'My mind refuses to play its part in the scholarly exercise. I walk around in a daze, remembering occasionally to take a picture. I've heard that many people cry here, but I am too numb to feel. The wind whips through my wool coat. I am very cold, and I imagine what the wind would have felt like for someone here fifty years ago without coat, boots, or gloves. Hours later as I write, I tell myself a story about the day, hoping it is true, and hoping it will make sense of what I did and did not feel.' _From the Foreword Most of us learn of Auschwitz and the Holocaust through the writings of Anne Frank and Elie Wiesel. Remarkable as their stories are, they leave many voices of Auschwitz unheard. Mary Lagerwey seeks to complicate our memory of Auschwitz by reading less canonical survivors: Jean Amery, Charlotte Delbo, Fania Fenelon, Szymon Laks, Primo Levi, and Sara Nomberg-Przytyk. She reads for how gender, social class, and ethnicity color their tellings. She asks whether we can_whether we should_make sense of Auschwitz. And throughout, Lagerwey reveals her own role in her research; tells of her own fears and anxieties presenting what she, a non-Jew born after the fall of Nazism, can only know second-hand. For any student of the Holocaust, for anyone trying to make sense of the final solution, Reading Auschwitz represents a powerful struggle with what it means to read and tell stories after Auschwitz.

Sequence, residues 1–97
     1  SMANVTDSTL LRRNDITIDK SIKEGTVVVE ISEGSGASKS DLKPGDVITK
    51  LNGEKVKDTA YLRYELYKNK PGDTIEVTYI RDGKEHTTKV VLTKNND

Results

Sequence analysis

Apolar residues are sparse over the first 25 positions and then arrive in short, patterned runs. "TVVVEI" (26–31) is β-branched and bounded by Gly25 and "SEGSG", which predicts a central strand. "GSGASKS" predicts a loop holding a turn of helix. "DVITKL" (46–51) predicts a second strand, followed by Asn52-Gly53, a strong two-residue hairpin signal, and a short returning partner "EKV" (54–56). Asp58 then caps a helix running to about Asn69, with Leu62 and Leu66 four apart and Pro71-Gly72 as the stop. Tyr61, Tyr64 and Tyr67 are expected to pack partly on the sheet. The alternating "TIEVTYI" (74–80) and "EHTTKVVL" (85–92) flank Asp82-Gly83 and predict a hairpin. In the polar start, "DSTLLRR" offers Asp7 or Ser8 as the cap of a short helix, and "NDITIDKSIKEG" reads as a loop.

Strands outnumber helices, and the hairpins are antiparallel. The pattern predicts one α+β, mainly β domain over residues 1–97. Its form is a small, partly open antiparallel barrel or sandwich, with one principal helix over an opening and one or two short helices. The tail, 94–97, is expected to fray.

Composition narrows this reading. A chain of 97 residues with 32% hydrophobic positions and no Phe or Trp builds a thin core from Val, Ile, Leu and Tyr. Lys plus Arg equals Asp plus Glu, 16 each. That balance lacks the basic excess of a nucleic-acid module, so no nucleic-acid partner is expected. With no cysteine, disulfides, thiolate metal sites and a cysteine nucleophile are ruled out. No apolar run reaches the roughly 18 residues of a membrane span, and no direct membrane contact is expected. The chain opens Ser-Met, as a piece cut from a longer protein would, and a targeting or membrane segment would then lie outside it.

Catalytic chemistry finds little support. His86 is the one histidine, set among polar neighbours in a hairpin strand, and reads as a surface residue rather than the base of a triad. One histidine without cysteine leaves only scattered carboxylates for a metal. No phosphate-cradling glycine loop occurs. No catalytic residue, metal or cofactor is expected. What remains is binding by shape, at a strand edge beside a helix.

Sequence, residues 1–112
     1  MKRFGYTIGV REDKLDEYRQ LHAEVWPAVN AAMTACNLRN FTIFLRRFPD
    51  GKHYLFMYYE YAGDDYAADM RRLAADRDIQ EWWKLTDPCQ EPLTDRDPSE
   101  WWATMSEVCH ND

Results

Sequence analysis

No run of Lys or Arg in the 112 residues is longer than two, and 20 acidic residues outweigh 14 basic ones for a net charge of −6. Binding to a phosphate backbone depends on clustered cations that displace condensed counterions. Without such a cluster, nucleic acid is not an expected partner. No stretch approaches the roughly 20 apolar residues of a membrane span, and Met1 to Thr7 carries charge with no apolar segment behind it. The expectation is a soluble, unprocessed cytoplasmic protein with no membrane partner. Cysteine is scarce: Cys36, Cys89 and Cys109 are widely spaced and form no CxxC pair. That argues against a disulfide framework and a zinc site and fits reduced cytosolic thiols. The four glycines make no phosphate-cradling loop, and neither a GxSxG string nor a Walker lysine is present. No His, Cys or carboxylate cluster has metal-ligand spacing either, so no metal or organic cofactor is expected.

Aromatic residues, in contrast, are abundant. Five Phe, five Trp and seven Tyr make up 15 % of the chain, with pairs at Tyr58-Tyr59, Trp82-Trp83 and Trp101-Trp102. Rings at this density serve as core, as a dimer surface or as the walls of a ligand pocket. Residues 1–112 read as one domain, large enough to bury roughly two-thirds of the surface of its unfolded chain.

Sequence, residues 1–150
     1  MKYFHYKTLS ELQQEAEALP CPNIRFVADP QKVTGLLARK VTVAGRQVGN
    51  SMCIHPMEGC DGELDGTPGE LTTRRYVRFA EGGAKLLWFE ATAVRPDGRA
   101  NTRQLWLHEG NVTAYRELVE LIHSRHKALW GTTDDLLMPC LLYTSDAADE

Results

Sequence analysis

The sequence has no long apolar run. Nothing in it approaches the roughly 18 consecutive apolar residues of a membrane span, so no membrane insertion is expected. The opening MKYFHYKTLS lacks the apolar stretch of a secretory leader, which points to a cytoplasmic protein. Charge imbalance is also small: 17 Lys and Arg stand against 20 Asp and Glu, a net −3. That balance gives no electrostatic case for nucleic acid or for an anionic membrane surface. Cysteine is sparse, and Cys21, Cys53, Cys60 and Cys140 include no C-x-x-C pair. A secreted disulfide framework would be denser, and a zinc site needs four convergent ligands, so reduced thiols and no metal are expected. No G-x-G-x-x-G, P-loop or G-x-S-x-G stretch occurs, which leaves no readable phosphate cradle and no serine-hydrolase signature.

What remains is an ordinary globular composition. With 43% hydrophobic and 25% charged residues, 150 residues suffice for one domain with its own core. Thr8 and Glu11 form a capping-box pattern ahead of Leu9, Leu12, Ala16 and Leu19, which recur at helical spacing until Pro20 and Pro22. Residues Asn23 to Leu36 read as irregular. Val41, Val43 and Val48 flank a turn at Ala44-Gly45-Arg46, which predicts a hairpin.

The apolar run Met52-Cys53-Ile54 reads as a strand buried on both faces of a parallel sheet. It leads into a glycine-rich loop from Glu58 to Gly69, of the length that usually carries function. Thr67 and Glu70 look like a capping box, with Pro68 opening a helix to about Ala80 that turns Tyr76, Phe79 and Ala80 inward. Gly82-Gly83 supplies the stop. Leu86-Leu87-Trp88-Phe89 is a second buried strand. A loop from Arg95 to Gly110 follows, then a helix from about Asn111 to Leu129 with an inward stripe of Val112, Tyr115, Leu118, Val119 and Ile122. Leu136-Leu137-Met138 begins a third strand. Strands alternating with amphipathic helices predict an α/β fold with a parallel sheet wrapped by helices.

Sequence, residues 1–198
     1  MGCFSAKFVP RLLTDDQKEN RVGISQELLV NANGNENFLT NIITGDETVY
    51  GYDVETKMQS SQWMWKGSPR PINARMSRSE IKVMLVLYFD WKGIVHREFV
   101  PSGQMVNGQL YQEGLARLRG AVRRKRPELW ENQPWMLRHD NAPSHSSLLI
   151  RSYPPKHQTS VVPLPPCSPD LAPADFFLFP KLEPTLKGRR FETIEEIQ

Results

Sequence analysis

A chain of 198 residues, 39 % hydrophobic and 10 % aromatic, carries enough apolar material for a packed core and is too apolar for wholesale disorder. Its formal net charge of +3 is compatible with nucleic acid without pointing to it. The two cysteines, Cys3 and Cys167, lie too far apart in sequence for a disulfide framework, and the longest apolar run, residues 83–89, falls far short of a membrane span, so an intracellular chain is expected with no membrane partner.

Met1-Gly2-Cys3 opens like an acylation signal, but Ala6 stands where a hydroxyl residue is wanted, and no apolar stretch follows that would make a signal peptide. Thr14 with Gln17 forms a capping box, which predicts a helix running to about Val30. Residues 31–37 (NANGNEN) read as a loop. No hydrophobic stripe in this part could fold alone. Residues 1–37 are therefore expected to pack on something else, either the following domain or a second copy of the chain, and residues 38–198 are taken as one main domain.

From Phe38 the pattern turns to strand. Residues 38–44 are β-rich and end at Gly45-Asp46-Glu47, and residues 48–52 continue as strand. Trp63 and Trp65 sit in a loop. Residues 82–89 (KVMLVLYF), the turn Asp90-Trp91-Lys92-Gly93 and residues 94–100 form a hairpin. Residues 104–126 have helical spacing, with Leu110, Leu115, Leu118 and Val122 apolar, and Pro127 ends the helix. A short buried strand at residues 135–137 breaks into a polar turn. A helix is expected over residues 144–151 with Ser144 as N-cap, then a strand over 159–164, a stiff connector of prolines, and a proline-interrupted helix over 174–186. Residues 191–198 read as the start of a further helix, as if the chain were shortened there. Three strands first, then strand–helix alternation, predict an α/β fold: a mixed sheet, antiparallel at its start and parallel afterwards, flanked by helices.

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Series Editors Introduction
Borrowed Memories and Grand Narratives
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Amery Amery's Anne Frank Arendt arrival at Auschwitz Auschwitz stories Auschwitz survivor Bakhtin barracks Bergen-Belsen Birkenau chaos chapter Charlotte Delbo Clara collective concentration camp cultural death Delbo tells describes Dutch Elie Wiesel English ethnicity exhibit Fania Fenelon feel female feminist Frank's diary French friends gender German girl grand narratives grotesque hell Holocaust stories horror human identity ideology images individual intellectual Jean Amery Jewish Jews Joan Ringelheim Journal Entry Kapellmeister Kopka Lagerwey language Levi's liberation Lilith listen lived experiences look Madame Butterfly male survivors Mandel Maria Mandel memory mother murdered museum musicians nationality Nazi Nomberg-Przytyk orchestra Oswiecim particular play Polish Primo Levi Przytyk Ravensbruck reader reading reality reflect resistance silence speak stories of Auschwitz suffering survival Survival in Auschwitz survivor stories Szymon Laks tion told translated truths understanding universal Westerbork woman women's stories words young